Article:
That’t sure that GNU/Linux is safer compared to the other operating systems, but also even malware and rootkits are already an issue for users out there, it is better to take precautions to protect your system even it runs Linux. It is also pertinent that you take care of your own data while either system in use or just powered off. Let’s list some precautions that you may like to employ before your system is at risk.
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1. Encrypt your whole drive, if possible
Full disk encryption is a built-in feature in most of the modern Linux distributions. Being the most important and basic data-at-rest protection, full disk encryption prevents anyone accessing date on your system even it was stolen, and the attacker has unlimited time on their hands.
Other than the described best practice you may only opt to encrypt your home directory only which is not as effective as the full encryption as it may be somehow circumvented by other kinds of attacks. This option differs from the full encryption as the operating system does not load if you do not enter the correct password at the startup but the in-home directory encryption system just runs and waits for user-pass authentication for the account.
2. Use a strong password and run commands that you trust
Using a strong password, it is good and easy way to protect your user account, especially if you are not utilizing the power of full disk encryption. You should make sure you always use a strong, lengthy password enough to avert remote attacks to your accounts or from an intruder mingling with your computer.
As a user you might be in situations that you are not that good on the subject and a problem keeps occurring then you happen to follow a guide you found on the Internet. Please bear in mind that the Linux command prompt is powerful, especially if you have the superuser rights. Before you copy-paste a command you read somewhere into the terminal, ask yourself whether you trust the source and the intention of the fix you expect.
3. Use a basic account for your daily activity
For everyday computing, log in with a basic or standard user account; a non-root, non-privileged account. This is likely to be the default behavior when creating a new account, but it’s worth double-checking your account’s status. Note that some system-wide actions will require you to log in with the administrator account because of restricted permissions but it is okay for the sake of security.
Also, check that the account that you are using has an administrative privilege or not. If yes, you should be more careful while performing your daily activities. If you don’t want to encounter catastrophes, think twice before entering any commands, which may affect your Linux system.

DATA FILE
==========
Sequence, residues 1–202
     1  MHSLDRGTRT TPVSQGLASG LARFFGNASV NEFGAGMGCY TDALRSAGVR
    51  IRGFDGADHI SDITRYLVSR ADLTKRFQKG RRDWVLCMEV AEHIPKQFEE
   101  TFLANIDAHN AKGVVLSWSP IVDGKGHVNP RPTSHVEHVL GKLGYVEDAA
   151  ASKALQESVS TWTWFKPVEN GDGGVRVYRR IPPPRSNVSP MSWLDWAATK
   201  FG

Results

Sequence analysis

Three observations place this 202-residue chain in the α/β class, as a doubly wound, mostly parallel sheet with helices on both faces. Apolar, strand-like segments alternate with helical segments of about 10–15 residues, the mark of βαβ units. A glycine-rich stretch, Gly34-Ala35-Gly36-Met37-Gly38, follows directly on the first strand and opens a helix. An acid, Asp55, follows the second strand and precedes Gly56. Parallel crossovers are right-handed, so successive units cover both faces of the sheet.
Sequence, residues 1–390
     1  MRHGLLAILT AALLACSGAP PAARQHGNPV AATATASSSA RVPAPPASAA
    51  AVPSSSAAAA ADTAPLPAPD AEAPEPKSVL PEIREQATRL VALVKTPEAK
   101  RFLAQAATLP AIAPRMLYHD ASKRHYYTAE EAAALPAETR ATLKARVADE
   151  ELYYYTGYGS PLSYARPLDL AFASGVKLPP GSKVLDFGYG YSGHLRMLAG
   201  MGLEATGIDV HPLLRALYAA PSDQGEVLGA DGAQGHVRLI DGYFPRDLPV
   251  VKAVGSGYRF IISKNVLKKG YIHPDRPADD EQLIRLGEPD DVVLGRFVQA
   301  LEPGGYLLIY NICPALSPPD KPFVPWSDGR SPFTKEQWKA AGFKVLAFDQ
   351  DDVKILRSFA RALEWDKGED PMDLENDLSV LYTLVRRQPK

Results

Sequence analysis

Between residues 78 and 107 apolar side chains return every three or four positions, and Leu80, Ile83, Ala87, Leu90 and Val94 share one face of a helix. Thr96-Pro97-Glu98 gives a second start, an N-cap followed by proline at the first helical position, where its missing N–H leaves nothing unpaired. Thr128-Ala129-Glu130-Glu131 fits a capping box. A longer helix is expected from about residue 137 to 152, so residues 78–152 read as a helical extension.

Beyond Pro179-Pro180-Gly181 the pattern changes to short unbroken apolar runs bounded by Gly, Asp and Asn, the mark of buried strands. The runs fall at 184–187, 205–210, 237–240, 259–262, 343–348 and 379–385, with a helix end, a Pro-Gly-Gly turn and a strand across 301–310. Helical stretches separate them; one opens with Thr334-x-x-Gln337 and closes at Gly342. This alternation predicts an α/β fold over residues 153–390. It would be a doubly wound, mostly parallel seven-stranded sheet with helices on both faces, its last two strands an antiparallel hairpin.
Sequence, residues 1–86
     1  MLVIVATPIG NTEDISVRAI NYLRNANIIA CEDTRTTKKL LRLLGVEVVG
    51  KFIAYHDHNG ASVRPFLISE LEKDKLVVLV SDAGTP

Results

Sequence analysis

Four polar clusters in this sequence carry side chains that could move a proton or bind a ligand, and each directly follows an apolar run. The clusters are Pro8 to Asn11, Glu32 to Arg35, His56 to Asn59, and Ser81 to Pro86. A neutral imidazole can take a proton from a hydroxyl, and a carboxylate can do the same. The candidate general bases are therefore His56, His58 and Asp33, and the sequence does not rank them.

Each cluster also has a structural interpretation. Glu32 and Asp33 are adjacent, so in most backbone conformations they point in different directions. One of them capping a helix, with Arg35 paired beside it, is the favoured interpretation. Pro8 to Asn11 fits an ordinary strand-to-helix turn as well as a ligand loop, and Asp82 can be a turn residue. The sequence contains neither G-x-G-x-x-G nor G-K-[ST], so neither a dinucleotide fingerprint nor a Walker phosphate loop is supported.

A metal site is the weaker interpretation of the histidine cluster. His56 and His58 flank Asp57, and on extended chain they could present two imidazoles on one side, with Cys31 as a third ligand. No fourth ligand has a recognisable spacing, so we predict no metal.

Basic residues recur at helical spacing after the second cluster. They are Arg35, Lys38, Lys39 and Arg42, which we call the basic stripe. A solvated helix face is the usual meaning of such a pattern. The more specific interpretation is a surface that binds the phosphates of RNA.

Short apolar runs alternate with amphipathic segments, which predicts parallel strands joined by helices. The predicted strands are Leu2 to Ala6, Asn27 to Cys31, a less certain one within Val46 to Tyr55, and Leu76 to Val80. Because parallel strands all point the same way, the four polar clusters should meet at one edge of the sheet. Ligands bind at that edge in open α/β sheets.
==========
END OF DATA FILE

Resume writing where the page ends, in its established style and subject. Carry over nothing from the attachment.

4. Update your system and check for rootkit regularly
Updating all the software with a single updater is possible on GNU/Linux. You may opt-out to receive minor software updates maybe, but it is encouraged to at least get all the security updates from your distribution repository at least once a week. By this routine, the only thing you will count as a threat will be zero-days which most of the systems out there would be vulnerable to indiscriminately.
Your system must be checked for rootkits regularly. It is easy to use rootkit detectors like Chkrootkit. Being a serious threat for all kind of systems recently, to perform rootkit checks regularly is a must even on a GNU/Linux system. Chkrootkit can be found on your distribution’s software repositories and be installed easily. After that, you can run it from the command line in superuser mode. That will usually be enough to stay safe from rootkits.
5. Be careful while using remote access
It is a nice practice to use a more secure SSH server configuration on your system if you have intentions to access it remotely. You can edit your SSH config file removing the option to remote logging in as root. To do that “PermitRootLogin no” line should be uncommented.
Also, you should change the SSH port to any number over 1000, preferably over 10000, as this will make many scanners miss your system on their default settings. Performing vulnerability analysis on your system will also help you to see if there is any gap that may be used for a remote access attack. If the scans result with a vulnerability, take the required mitigation actions immediately.
6. Check your installed applications
Keeping a minimum of the installed applications is one of the best ways to avoid vulnerabilities. You can check installed applications manually, also using tools makes it easy. As well as looking through your application list manually, there may be tools available for your distribution to make it easy, such as BleachBit. You can remove unused or unnecessary software from your system easily.
As we’ve mentioned before, performing periodic vulnerability scanns will help you to discover potential application based vulnerabilities. Simply, remove unnecessary applications from your system, instead of trying to maintain or keeping up-to-date them.
7. Use a firewall and close all unused ports
Linux has a powerful firewall in itself, running through iptables. But iptables is hard to manage for ordinary, even for some advanced users so there are more basic approaches like UFW. UFW, uncomplicated firewall, can easily shut down all ports to the outside world if they are not expecting connection.
Your requests are not prevented by this because by default responses to your requests are allowed through it. If you want remote access to your system leave the SSH port open (which already should have been changed from the default 22!) but shut the rest down. You will be safer.
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